Once you’ve acquired some GMRS hand-held radios, the youth need to learn proper radio behaviour and protocol.
- Scrounge together 10-20 GMRS radios
- Teach the youth how to properly use them
- York Region Amateur Radio Club prepared these slides on the topic
- General rules of operation
- Behaviour, language etc.
- Learn to say their name and their friends name with phonetic alphabet. Maybe even make up a little laminated wallet card for them.
- Do distance tests with different radio models (typical cheap 500mW unit vs Canada-maximum 2W unit)
Unless required, use of 10-codes and Q-codes use is actively discouraged. If you want to get a message across, you should not count on the person receiving the message knowing the codes.
Emergency Services: 10-Codes
These are codes like “10-4” to confirm receiving a message, and 10-20 for location (“what’s your 20?).
These codes were invented in the early days of police radio, when radios were not as reliable and clear as the ones we have today. When you hit the transmit button and started talking, the first syllable was often garbled or not transmitted at all as the vacuum tubes powered up. So the “Ten” part is throw-away, and the next number is the actual message.
The other problem with 10-codes is the lack of standardisation. They have different meanings from one emergency service to another.
When is it appropriate to use 10-codes? Some Scout groups like Medical Venturers and Police Venturers actively work with emergency services and get to use their radios. If the emergency services organisation uses 10-codes, then your group should learn them as part of your communications training. Because of the lack of standardisation, get that group’s list of approved 10-codes.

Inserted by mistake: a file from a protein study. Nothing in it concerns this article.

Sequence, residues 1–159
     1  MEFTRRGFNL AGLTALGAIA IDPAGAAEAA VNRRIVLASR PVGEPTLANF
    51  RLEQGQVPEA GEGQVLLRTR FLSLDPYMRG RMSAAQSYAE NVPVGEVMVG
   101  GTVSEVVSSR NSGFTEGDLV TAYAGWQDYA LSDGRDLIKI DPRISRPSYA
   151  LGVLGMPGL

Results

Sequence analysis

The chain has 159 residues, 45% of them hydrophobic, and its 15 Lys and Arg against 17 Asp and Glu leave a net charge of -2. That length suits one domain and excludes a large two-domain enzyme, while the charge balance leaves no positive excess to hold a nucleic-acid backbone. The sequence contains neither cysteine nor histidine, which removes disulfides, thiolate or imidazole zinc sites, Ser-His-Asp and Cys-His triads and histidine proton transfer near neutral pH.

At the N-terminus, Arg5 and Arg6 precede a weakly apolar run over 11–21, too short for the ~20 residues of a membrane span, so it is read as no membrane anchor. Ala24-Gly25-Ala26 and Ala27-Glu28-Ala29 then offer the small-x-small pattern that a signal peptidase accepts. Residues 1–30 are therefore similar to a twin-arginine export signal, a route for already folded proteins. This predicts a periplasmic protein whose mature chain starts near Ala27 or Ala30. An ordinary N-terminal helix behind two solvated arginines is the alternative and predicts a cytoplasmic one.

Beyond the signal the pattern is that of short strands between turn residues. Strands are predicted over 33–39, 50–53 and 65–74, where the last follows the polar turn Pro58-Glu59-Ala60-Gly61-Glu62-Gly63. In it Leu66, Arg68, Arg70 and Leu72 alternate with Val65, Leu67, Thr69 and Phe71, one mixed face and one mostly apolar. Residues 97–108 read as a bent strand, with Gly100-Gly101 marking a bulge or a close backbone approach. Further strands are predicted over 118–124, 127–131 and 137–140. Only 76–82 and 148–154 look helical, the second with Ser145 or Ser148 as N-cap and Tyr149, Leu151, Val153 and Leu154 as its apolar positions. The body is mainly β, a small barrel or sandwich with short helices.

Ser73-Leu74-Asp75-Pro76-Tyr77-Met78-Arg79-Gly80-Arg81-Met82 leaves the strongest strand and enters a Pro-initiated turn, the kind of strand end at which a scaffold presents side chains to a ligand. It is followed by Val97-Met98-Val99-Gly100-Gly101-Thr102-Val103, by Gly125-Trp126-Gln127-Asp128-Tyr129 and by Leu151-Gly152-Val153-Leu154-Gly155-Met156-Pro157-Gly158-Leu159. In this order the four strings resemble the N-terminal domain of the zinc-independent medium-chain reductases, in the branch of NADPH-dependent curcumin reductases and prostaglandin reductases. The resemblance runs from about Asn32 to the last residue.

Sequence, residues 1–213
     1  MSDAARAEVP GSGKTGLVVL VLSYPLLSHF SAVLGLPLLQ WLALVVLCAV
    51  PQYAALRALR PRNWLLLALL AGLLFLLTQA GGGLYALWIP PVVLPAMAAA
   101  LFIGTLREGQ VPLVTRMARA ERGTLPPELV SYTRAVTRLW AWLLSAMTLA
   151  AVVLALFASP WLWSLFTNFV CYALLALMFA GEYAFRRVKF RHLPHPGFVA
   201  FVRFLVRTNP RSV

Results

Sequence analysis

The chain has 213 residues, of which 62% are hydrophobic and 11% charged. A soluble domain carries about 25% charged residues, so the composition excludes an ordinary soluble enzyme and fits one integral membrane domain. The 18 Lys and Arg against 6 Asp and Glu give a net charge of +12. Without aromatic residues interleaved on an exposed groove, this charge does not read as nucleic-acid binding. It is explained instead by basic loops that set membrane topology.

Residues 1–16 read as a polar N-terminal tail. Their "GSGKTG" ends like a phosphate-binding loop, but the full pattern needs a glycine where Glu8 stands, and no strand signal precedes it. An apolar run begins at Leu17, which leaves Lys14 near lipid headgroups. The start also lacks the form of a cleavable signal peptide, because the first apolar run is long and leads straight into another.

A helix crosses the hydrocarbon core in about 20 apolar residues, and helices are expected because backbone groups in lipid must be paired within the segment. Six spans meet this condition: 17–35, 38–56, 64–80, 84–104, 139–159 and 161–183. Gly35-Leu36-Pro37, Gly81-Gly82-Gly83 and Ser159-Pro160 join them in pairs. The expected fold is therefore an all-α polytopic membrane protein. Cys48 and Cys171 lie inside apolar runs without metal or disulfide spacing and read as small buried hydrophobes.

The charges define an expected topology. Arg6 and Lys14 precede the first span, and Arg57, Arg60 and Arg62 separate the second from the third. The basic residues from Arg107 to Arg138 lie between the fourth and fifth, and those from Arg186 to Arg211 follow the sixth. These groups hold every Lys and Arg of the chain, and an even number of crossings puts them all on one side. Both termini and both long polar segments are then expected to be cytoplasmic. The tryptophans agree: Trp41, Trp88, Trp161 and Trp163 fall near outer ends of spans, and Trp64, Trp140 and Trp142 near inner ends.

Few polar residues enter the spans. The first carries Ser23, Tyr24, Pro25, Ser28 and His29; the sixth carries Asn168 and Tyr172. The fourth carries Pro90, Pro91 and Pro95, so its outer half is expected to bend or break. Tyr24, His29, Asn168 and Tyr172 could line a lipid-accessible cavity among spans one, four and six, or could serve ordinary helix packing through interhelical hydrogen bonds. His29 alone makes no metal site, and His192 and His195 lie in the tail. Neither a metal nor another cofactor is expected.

But if there is any doubt whatsoever… or if you’re not sure of a code… use plain language. Everyone understands that.
Many emergencies services in North America now discourage the use of 10-codes.
Amateur radio and Morse code: Q-codes.
Q-codes were developed as abbreviations to reduce the amount of keying required for Morse code. They are part of amateur (“ham”) radio training, and to get your ham license, you need to know a few of them. Our ham radio certification on-air protocol lesson and quiz cover the basics you need for the test, and the full list of amateur radio Q-codes is here.
Even for ham operators, Q-codes are actively discouraged for VHF-UHF ham radio repeater usage.
When is it appropriate to use Q-codes? Use and learn them for the HF communication that requires your Basic with Honours or Basic with Morse Code certifications. Learn what you need to know to communicate with traditional ham operators, or if you’re going to learn Morse code.
- Voltage of the batteries in each unit?
- How many amps for the power rating?
- How long would you expect your batteries to last if you know the batteries storage capacity?
- What frequencies do they use? What is the wavelength range?
- What’s the deal antenna size?